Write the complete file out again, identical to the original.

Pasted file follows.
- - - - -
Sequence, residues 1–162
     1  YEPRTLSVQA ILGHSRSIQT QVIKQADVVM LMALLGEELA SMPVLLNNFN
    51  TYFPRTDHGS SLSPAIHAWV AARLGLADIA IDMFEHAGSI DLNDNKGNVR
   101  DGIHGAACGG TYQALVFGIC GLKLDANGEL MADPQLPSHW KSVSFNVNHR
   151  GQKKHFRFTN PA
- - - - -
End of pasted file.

Sequence, residues 1–162
     1  YEPRTLSVQA ILGHSRSIQT QVIKQADVVM LMALLGEELA SMPVLLNNFN
    51  TYFPRTDHGS SLSPAIHAWV AARLGLADIA IDMFEHAGSI DLNDNKGNVR
   101  DGIHGAACGG TYQALVFGIC GLKLDANGEL MADPQLPSHW KSVSFNVNHR
   151  GQKKHFRFTN PA